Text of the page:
Edibles

Experiment: Spicebush Flower Jelly

As nice as it would be for every passing project idea I have to work out perfectly, unfortunately that doesn’t always happen. This just so happens to be the latest of my failures: the answer to ‘can you make jelly out of spicebush flowers?’

I tried two experiments before ultimately deciding that, at least for me, this was a plant better harvested for its twigs and berries, and the flowers best left alone. Clearly, there was a reason why I couldn’t find people using the flowers in any recipes. Oh well, you never know unless you try!

Image of a jar of spicebush flowers against a rock. Light green lichen is in the upper left corner.

Experiment #1

Both experiments started with picking 1/2 cup of spicebush flowers off the copious amount of blooming bushes in the nearby woods- harvested very sparingly, only a few clusters off each bush, and only picking from male bushes, not female, so as not to interfere with berry production later in the year.

The flowers were checked for insects, washed lightly, placed in a jar, and turned into a tea by pouring 1/2 cup + 2 tbsp of boiling water over top and being left to steep.

Experiment #1 was allowed to steep in the refrigerator overnight before being strained.

Recipe:

  • Spicebush flower tea (see above for flower/water amounts)
  • The juice from 1/4th of a lemon
  • 3/4 cup + 2 tbsp white sugar
  • .50 oz Suregel low sugar pectin

Lemon juice was added directly to the flower tea- no discernable color change- and stirred in. Pectin was added into the lemon-tea mix, then everything was poured into a pot placed on a burner over high heat.

The liquid was brought to a lively boil while stirring constantly, and boiled for one minute before the sugar was added all at once. The jelly mix was brought back to a boil, again, stirring constantly, and boiled for another minute. Pot was immediately removed from heat after the minute was over, and scooped into a small, pre-warmed jar. In the space of about thirty seconds after removing from heat, the liquid inside the pot was already setting up.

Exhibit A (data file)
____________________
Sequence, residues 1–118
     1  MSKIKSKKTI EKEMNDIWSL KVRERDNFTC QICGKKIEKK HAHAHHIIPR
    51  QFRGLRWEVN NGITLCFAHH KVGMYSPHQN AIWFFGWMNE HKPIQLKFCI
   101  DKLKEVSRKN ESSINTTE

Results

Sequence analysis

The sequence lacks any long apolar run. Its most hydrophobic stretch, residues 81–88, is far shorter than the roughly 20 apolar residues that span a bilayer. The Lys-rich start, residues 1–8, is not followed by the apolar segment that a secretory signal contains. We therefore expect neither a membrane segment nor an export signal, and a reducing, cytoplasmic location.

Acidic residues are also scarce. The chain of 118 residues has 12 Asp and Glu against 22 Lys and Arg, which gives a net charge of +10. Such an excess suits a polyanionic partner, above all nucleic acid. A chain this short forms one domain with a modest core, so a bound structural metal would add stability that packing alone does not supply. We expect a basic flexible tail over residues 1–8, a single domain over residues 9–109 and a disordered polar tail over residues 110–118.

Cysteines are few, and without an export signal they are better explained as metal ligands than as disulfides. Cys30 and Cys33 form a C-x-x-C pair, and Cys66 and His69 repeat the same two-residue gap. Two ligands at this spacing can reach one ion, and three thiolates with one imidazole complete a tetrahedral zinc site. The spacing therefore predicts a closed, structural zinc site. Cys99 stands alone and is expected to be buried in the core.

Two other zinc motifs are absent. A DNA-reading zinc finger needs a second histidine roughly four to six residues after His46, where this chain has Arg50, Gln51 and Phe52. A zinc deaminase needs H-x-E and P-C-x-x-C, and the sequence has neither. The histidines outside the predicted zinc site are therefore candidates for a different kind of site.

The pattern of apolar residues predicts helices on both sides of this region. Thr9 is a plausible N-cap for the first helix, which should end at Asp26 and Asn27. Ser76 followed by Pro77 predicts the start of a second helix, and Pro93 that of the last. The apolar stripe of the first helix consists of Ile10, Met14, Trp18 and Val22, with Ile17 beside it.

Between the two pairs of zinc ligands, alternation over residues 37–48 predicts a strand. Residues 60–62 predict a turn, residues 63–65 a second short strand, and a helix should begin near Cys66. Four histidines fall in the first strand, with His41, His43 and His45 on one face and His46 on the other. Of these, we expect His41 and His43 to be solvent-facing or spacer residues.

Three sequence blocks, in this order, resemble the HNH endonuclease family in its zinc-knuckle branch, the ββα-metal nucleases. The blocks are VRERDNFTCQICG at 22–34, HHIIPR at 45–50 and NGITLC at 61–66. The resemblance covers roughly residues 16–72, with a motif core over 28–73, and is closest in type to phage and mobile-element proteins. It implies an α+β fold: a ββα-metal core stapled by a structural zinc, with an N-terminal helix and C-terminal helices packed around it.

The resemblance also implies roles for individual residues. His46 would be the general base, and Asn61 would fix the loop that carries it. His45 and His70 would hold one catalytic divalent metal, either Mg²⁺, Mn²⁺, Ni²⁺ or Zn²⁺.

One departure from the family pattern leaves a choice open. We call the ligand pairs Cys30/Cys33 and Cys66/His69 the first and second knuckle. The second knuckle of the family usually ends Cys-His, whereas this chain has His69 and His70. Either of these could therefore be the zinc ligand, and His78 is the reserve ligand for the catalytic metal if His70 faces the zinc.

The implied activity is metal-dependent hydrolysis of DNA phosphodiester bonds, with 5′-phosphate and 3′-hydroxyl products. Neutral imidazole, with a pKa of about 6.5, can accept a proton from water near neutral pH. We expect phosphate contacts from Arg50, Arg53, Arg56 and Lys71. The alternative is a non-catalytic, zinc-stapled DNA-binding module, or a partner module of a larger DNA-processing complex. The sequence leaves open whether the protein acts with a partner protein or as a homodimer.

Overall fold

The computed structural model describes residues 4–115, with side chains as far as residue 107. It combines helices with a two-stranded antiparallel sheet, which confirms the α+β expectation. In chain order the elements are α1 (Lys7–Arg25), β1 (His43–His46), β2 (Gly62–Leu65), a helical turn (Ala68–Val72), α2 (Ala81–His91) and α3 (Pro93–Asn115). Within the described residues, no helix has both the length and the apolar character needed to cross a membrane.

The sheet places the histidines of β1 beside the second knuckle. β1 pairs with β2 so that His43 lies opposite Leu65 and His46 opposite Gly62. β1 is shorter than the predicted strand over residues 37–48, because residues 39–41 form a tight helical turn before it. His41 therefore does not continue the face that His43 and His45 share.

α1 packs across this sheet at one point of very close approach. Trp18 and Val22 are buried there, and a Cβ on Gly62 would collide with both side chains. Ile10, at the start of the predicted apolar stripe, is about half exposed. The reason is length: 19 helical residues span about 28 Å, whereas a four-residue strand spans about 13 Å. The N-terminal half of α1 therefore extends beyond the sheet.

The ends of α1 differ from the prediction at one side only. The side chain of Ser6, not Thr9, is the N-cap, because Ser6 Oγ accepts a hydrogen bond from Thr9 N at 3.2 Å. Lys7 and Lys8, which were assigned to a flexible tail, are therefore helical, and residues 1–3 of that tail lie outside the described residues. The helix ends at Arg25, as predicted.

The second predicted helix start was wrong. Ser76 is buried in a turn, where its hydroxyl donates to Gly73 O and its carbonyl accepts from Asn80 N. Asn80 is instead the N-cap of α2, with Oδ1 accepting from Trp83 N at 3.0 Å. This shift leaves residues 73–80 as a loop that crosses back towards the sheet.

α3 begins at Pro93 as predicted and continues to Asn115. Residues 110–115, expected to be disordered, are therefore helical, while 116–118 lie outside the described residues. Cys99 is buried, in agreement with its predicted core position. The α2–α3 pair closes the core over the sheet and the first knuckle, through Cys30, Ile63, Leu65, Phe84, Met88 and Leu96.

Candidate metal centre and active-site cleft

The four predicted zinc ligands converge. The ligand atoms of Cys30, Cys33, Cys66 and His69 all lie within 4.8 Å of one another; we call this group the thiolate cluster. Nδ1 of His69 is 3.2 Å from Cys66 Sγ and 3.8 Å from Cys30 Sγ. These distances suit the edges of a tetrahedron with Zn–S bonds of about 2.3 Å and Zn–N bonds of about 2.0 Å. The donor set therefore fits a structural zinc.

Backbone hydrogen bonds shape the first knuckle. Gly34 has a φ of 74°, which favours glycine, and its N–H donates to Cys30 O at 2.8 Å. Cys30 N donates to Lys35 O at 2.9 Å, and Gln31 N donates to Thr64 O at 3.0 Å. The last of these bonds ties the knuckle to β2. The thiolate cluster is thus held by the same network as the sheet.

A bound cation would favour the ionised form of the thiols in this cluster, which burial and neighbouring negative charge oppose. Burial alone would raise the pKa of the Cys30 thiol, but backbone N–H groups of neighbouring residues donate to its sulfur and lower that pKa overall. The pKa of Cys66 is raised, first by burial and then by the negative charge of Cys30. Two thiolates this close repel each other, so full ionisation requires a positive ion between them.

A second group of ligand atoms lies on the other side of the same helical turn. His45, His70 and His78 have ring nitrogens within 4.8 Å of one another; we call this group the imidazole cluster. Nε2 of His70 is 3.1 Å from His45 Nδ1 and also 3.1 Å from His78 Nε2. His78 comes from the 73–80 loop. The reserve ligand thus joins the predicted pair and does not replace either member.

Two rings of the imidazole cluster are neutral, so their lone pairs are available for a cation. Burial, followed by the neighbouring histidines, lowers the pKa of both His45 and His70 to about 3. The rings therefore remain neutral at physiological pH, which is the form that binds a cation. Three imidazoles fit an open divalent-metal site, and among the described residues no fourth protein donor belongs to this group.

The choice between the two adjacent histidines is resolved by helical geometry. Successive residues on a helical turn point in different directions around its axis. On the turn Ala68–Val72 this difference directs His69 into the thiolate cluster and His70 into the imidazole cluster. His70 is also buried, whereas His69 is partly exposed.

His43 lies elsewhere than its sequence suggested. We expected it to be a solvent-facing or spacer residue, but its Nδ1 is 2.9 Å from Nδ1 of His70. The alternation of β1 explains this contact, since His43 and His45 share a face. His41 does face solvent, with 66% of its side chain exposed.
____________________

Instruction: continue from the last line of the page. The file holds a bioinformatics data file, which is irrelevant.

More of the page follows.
End result was a lemon-flavored ‘jelly’ that was too thick to spread, instead keeping its form much like a gummy candy. Not bad, but distinctly not spicebush-flavored, and it’s not something you could spread on a toast.

Image is of a jar of of steeping spicebush flowers. The water is a light yellow.

Experiment #2

Same starting process as Experiment #1, but tea was steeped for only 2 hours before being strained, then kept in the refrigerator overnight.

Recipe was the exact same as experiment #1, save that I left out the lemon juice to see if that would help loosen up the jelly more. Same cooking process, as well.

End result was an odd flavor that essentially just tasted like someone had jellified sugar water, with an almost unpleasant but mostly just weird aftertaste. Also could not really be considered a jelly, because despite leaving out the lemon, it once again turned too thick to spread.

TL;DR

I would not consider either of my experiments successful because I did not, actually, end up with a palatable jelly from either of them. Could I have tried more things? Probably. If I had kept going, the next thing I would have tried would be reducing the pectin.

But considering this was just an idle curiosity, I’m not that bothered about leaving off here- I just wanted to know why I never saw any spicebush flower jelly recipes when I was doing plant research. And now I know! So from now on, I’ll just enjoy the lovely springtime scent of the flowers on woods walks, and wait for the berries. 🙂

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